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Funan is a 2018 French-language period drama animated film directed by Denis Do.

It is set in Cambodia in the year 1975, during the beginning of the Khmer Rouge revolution. The movie centers around Chou, a young woman whose son got separated from her during the forceful evacuation of the citizens from Phnom Penh. Other characters include her family, such as her husband Khuon, her brother-in-law Meng, her mother, her grandmother (who went after her son and as a result, she is separated from them as well), and their other children Hout, Tuch, and Lili. What follows is a series of hardships forcefully implemented on them by the regime such as working in labor camps where they work to the bone with barely any food to the point of exhaustion and illness. But through it all, Chou and Khuon never stop looking for their son.

The film is based on the director's own research and the memories of his mother, on whom the main protagonist, Chou, is based.

Compare the live-action movie First They Killed My Father, in which it is set in the same year and also deals with the Khmer Rouge regime, but from the point of view of a child.

Provides examples of:

  • Based on a True Story: Partly as it was also based on the memories of the director's mother.
  • Beauty Is Never Tarnished: Averted. As life becomes more difficult for the family, Chou shows signs of visible malnourishment, such as weight loss. The end also reveals that the hair she keeps under a makeshift turban has become short and thin, indicating hair loss because of poor health.
  • Big Damn Reunion: Downplayed. Khuon and Chou manage to track down Sovanh at a children's camp. Khuon embraces him, as Chou can only get down on her knees and lower her head. The parents are both too exhausted to feel joy, while Sovanh seems to not recognize them at first.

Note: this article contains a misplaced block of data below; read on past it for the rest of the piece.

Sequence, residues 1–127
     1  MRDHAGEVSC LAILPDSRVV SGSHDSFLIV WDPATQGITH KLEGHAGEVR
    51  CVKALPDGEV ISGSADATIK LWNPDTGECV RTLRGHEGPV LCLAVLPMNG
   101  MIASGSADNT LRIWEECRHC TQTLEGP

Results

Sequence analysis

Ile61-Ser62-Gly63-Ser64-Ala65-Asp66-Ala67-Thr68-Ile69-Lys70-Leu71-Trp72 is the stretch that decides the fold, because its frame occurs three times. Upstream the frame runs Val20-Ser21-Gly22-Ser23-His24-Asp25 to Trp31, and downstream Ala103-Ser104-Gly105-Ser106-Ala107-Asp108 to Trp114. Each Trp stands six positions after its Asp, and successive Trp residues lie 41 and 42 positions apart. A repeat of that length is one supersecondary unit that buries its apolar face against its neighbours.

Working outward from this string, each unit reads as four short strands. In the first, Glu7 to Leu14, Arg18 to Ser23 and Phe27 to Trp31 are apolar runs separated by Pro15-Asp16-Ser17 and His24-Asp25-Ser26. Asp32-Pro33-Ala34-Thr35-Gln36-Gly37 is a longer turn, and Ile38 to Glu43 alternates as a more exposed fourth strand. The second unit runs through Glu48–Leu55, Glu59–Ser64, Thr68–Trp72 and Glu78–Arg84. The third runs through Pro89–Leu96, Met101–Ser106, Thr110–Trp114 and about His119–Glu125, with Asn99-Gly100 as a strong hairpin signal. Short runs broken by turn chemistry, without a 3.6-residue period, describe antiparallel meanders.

• Bittersweet Ending: More on the bitter end as Chou's entire family do not make it throughout the course of the film, either due to illness (Tuch), suicide (Lili), starvation (Chou's mother), going missing (Meng and Chou's grandmother), or getting killed (Hout and later her husband, Khuon). Only she and her son, Sovanh, manage to flee to Thailand hand in hand.
  • By the Hair: One Khmer Rouge soldier pulls Chou by the hair to stop her from leaving the group to find her son.
  • Censored Child Death: Sovanh's friend is last seen about to be caught by the Khmer Rouge for stealing food, and, while it's not said if they killed her, it's very clear that she was punished severely for it since she's not seen again after that.
  • Child Soldiers: Glimpses of Sovanh's experiences while his parents are looking for him show that he's being trained to become this along with the other children.
  • Death by Despair: Chou's mother expires from a combination of starvation and heartbreak after seeing her daughter hang herself.
  • Dirty Communists: The Khmer Rouge. Working people to death, recruiting child soldiers through propaganda, killing anyone who opposed them (to the point that the body count reached millions by the end of their rule)? "Dirty" is too generous a term.
  • Face Death with Dignity: Khuon closes his eyes and accepts his fate when he is about to be shot by the Khmer Rouge. At least he died knowing his wife and son are safe.
  • Gory Discretion Shot:
    • Every time anyone is killed like Hout and an innocent old woman believed to be an accomplice. The only time this was sort of averted is during the near ending where a woman stabs a man through the stomach and they show the blade going through his flesh.
    • A non-fatal version was done on the family's car when a Khmer Rouge soldier tells them that owning property is capitalistic then they proceed to smash the car in front of them. But we only hear the sounds while Chou and Khuon avert their gaze.
    • The film thankfully cuts away when Lili is raped.
  • Gray Rain of Depression: Heavy rain clouds come in when Tuch finally passes from his sickness.
  • Heroic Sacrifice:
    • Khoun's cousin Sok kills one of the other Khmer Rouge guards who caught Khoun and Chou outside the camp, thinking they were trying to escape. He stays behind and is killed by another Khmer Rouge guard who happens to be the brother of the guard Sok killed.